Essential content in a business purchase agreement

In an acquisition transaction, the signature of the sale-purchase agreement takes place after the due diligence and the pertinent negotiations between the parties.

In Spain, the law defines this contract as an agreement whereby one of the contracting parties undertakes to deliver a commercial or industrial unit (the company) and the other commits to pay a determined price for it. The content of the Business Purchase Agreement may vary depending on the case, sector, type of buyer and other circumstances; however, there are a series of clauses ensuring the successful execution of the transaction.

Essential clauses in a Business Purchase Agreement

Identification of the Parties

It is advisable to determine the identity of the contracting parties and verify they have the sufficient legal capacity to assume the obligations established in the contract by its signature. This clause becomes particularly relevant when the contracting parties act through their legal representatives or other agents.

Transaction description

The facts and reasons for the transaction, including the following points:

  • A description of the activities of the company object of the sale
  • A Letter of Intent to the firm
  • In the case of multiple sellers: their identification and the number of shares they own
  • A mention of a possible audit execution or due diligence by the buyer before signing the sale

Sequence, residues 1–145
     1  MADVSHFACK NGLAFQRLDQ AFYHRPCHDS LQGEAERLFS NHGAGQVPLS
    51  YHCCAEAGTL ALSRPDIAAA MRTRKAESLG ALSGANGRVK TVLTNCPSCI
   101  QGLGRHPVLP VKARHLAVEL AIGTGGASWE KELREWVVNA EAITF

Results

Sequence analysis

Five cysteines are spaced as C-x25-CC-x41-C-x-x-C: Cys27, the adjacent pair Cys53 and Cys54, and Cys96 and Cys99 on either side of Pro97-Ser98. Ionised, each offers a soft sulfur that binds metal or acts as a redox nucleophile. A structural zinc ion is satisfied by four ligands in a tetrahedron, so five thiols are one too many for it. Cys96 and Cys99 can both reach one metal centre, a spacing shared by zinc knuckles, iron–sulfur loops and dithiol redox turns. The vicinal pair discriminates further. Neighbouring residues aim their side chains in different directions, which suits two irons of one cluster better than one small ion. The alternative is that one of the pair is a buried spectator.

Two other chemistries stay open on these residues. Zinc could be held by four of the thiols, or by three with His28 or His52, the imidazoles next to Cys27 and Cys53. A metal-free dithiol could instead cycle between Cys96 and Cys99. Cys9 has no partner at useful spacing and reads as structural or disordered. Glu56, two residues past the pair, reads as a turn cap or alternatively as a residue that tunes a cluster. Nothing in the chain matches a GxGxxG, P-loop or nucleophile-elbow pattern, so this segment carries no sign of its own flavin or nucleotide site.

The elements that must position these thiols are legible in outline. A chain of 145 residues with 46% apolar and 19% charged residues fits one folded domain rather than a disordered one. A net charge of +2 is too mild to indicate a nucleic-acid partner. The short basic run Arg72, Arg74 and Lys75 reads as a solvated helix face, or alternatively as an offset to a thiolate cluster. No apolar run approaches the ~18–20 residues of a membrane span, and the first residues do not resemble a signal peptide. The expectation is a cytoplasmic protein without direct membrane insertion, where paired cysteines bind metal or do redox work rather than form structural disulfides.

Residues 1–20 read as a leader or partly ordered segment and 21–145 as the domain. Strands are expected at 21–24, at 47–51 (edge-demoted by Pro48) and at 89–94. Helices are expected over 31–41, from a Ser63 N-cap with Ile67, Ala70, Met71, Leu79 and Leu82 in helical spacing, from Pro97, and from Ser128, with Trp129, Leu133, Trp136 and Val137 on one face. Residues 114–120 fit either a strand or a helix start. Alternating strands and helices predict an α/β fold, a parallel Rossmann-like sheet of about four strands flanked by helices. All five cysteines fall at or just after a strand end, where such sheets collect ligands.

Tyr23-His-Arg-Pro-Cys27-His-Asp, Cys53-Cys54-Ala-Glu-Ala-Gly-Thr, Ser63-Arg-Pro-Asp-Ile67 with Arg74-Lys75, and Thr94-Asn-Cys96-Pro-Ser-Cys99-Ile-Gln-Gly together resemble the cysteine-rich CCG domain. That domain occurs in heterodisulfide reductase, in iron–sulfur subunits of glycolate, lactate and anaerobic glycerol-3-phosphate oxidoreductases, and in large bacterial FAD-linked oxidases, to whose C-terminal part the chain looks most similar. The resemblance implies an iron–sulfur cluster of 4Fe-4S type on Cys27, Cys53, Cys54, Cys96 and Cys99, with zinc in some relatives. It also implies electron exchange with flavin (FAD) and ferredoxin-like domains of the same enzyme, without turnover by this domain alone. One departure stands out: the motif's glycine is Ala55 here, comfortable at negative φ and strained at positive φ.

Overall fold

Purpose of the sale

Scope of the assets object of the transaction, usually as a descriptive list included in an appendix.

Price and method of payment

Indicates the price to be paid by the buyer and the financial metric chosen to value the company. Since this price of the company target may be subject to adjustments, it is essential to define the criteria that determine it.

Representations and Warranties

They include the guarantees and responsibilities of the contracting parties.

For the seller, this section consists of a series of statements regarding the company’s financial position, its legal, fiscal, and labour obligations, the absence of litigation or pending claims, and the ability of the seller to sell the company or business. These affidavits usually relate to any contingencies detected during the due diligence. In this clause are added covenants and conditions to guarantee that a loss of value of the company will not occur.

The buyer, on his side, commits to pay the price. Clauses for earn-out payments, whereby the buyer undertakes to pay a complementary amount if the company results reach a certain level after taking control, can be added.

These contractual mechanisms allow the buyer to claim damages in the event of inaccuracies, omissions, or misrepresentations in the company’s status.

Additional clauses

They are related to confidentiality, non-competition, and non-solicitation. These clauses ensure that both parties will maintain the confidentiality of the transaction throughout the process. Likewise, the seller is forbidden to compete and recruit employees.

High-penalty provisions usually accompany this clause to dissuade sellers from non-compliance.

Other clauses

Limitations of the seller’s liability, seasons, transaction resolutions in the case of Material Adverse Change, shareholders agreement, agreements concerning the management team contracts and the Commercial Tenancy Agreement.

Clauses about notifications

Assignment of Contract, partial disability, governing law and jurisdiction, among others.

Lastly, the appendices are part of the content of a business purchase agreement.

If you have additional questions regarding the clauses of the business purchase agreement,

Please note that this article is not intended to provide legal advice.

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